Link to Owner Dr. Robert B. Pamplin Jr.



After years of fits and false starts, city efforts to revitalize the hard-scrabble community of Lents may be moving ahead.

The Portland Development Commission will vote Wednesday on funding three redevelopment projects in the heart of Lents’ historic town center — including the pivotal New Copper Penny restaurant, bar and night club site. Combined, the three projects could cost $66 million, with PDC providing financing to get them off the ground.

The urban renewal agency proposes a $1.3 million predevelopment loan and a $5.1 million development loan to Palindrome Communities Inc., led by Chad Rennaker. Rennaker has a purchase agreement to buy the New Copper Penny site on the southeast corner of Foster Road and 92nd Avenue, long considered the lynchpin of efforts to revitalize the commercial heart of Lents. In addition, he has a purchase agreement to buy the Chevron gas station across the street to the west, and would build on PDC’s 1-acre L-shaped site west and south of the gas station.

Rennaker has stated plans to build a $40 million worth of affordable housing, commercial space and parking.

PDC’s second pending project in Lents is smaller but involves some big names in Portland’s development world: Homer Williams and Dike Dame.

The agency proposes to loan Williams/Dame & Associates $1.3 million for predevelopment work, plus a construction loan of up to $4.8 million, and convey the agency’s .6-acre site due north of the Chevron station, on the northwest corner of 92nd and Foster. Williams and Dame propose to build a mix of affordable and market-rate apartments plus ground-floor commercial space and surface parking. That project has a total estimated cost of $15.7 million.

The third project, known as the Asian Health & Services Center, is proposed on .7-acre west of 91st Avenue on the north side of Foster, two blocks west of the Williams and Dame site.

PDC would provide a $786,800 predevelopment loan and a $3.1 million construction loan.

The project, pegged to cost $10.6 million, is envisioned to include medical clinics, office and community meeting space, and two commercial spaces to be rented at market rate.

PDC also has interest from Palindrome and Rose Community Development Corp. in two other PDC-owned properties, after putting out feelers earlier this year.

But the agency is now viewing the three projects as a first phase of redevelopment, says PDC spokesman Shawn Uhlman. The agency could return to those other projects at a later time, he says.

After the first phase is completed, the value of PDC’s considerable other land holdings in Lents could rise, he says, and there’ll be a clearer need of what’s going on in the real estate market there.

Rose is working on a project north of the Williams and Dame site. PDC has asked Rose to refine some of its proposal.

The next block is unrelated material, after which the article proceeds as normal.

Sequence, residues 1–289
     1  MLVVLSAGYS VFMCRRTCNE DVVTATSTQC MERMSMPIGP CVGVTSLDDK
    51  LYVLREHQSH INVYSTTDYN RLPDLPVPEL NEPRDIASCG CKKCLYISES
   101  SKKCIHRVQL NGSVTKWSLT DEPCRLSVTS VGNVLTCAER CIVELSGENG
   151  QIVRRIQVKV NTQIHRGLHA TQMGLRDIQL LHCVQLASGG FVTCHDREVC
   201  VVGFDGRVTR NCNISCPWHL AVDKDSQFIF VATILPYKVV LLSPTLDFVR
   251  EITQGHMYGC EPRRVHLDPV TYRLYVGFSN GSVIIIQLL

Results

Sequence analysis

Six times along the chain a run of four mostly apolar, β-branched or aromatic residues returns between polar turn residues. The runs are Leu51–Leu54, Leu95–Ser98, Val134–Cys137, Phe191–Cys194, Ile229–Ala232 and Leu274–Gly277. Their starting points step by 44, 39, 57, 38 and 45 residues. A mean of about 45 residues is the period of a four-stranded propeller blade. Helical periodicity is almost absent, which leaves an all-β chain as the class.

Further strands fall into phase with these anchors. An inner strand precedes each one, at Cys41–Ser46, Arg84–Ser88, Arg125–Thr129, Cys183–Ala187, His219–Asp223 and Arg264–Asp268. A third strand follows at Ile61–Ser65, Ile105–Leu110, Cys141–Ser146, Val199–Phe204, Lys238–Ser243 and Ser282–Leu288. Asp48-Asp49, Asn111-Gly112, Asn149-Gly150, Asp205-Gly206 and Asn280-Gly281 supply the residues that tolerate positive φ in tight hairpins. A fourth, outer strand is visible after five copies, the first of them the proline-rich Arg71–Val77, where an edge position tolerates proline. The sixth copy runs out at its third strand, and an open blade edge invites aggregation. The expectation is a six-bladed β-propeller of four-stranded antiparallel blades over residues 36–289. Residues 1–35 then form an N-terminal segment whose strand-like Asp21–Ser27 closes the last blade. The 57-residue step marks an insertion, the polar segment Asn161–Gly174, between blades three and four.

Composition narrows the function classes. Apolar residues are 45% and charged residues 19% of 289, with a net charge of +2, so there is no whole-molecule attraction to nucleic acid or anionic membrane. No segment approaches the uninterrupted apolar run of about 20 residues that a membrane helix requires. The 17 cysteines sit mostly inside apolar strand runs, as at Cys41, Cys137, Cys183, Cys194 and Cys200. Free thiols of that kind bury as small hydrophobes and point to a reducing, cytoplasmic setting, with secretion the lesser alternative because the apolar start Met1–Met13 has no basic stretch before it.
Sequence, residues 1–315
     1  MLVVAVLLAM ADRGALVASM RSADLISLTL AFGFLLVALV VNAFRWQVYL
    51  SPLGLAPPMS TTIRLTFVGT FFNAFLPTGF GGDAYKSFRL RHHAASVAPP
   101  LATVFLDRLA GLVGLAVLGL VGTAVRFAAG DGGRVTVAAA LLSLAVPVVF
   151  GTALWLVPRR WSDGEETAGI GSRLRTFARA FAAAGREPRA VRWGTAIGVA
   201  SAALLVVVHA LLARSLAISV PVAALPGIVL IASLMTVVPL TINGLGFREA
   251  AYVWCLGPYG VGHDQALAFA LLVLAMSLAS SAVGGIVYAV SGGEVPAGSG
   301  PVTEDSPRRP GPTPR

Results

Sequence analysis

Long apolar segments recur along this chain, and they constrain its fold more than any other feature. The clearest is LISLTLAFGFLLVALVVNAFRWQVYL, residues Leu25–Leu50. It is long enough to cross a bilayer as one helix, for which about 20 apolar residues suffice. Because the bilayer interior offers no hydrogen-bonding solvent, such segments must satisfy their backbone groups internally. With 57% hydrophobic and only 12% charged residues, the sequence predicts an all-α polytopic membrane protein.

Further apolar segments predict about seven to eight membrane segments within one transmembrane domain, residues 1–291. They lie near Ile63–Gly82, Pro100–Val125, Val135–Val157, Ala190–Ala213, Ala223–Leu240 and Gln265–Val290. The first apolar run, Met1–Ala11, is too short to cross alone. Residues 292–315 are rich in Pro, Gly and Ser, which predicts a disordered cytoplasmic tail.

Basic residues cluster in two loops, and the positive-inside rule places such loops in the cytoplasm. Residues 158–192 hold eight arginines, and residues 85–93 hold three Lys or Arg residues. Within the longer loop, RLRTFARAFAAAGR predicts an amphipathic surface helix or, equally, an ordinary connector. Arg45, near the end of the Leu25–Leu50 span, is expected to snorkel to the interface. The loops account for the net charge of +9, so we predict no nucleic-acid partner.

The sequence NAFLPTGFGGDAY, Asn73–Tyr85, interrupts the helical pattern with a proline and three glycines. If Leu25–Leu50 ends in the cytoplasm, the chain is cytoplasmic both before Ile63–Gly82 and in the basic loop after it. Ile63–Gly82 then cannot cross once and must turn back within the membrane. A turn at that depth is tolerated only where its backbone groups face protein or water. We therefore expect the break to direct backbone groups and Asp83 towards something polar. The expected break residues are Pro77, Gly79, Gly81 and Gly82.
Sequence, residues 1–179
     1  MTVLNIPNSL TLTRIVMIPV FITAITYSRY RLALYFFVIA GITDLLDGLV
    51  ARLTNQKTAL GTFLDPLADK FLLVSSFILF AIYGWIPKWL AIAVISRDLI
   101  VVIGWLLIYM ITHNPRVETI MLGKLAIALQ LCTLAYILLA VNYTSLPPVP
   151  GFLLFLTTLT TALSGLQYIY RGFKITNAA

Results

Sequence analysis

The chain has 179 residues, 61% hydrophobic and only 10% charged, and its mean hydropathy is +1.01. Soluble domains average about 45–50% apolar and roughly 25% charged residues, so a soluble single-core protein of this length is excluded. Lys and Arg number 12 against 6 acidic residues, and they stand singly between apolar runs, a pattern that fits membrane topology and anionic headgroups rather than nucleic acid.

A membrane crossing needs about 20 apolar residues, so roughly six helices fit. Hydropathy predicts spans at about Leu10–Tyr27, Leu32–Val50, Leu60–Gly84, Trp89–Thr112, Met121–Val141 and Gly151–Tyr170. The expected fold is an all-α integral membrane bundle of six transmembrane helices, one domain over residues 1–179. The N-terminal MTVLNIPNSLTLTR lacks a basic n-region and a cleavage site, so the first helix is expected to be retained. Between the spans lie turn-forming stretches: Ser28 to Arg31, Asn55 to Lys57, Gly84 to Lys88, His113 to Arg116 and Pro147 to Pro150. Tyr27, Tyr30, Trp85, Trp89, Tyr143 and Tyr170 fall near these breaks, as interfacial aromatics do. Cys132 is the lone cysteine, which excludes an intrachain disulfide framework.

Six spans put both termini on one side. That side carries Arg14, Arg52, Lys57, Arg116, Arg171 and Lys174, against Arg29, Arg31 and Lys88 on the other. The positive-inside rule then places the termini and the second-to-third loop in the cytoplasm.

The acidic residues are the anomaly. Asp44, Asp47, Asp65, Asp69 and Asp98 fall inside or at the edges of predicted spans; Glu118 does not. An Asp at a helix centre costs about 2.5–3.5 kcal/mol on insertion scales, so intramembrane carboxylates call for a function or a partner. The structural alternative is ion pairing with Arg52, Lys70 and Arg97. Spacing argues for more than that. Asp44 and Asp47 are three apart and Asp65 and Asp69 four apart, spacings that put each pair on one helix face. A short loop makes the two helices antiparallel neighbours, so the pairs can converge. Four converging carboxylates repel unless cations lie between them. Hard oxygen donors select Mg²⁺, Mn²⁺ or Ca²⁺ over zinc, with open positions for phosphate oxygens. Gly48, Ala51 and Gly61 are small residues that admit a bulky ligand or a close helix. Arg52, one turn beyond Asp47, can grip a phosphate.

Palindrome has expressed interest in building housing at the 3.5-acre site southwest of 92nd and Harold Street, next to the Wattles Boys and Girls Club.

The sequencing of the first three projects was done because those were more ready to proceed, Uhlman says.

Though Lents’ prospects for development are looking better than they have in years, it’s still hard for projects there to win traditional bank financing, Uhlman says. “PDC is filling a role as a gap financier, a pretty significant one.”

For several years, PDC spent urban renewal fund buying up empty or underutilitized properties, hoping to strike a big deal or “home run.” But Mayor Charlie Hales ordered the agency to shift course after he took office, and pressured PDC to start seeking deals for some of its vacant properties. The new strategy is defined as hitting singles.

Though Lents neighbors hope to lure a large grocery store to the 92nd and Foster area, none of the three projects are discussing grocery stories. It appears the area still doesn’t meet the specifications of most grocery chains.

But redeveloping the New Copper Penny and luring big-name developers like Williams and Dame could wind up being more like doubles or even triples, if not the long-sought home run.

Homer Williams has been involved in numerous high-profile developments in Portland, in the Forest Heights community, Pearl District and South Waterfront, along with Broken Top in Bend and projects in downtown Los Angeles.

Rennaker previously developed the Pints brewpub in Old Town/Chinatown, and is now building the Z Haus brewpub and restaurant in Lents on 92nd Avenue.

Though little-known in Portland, he has been a principal in developing apartments and mixed-use retail projects in New Mexico, Arizona, Nevada and elsewhere. Palindrome presented materials to the PDC showing it has a nearly $600 million portfolio of nearly 7,000 apartment units. Rennaker confirmed he’s the majority owner of the company.

The PDC board meets starting 1 p.m. Wednesday to consider the three deals, along with other items.

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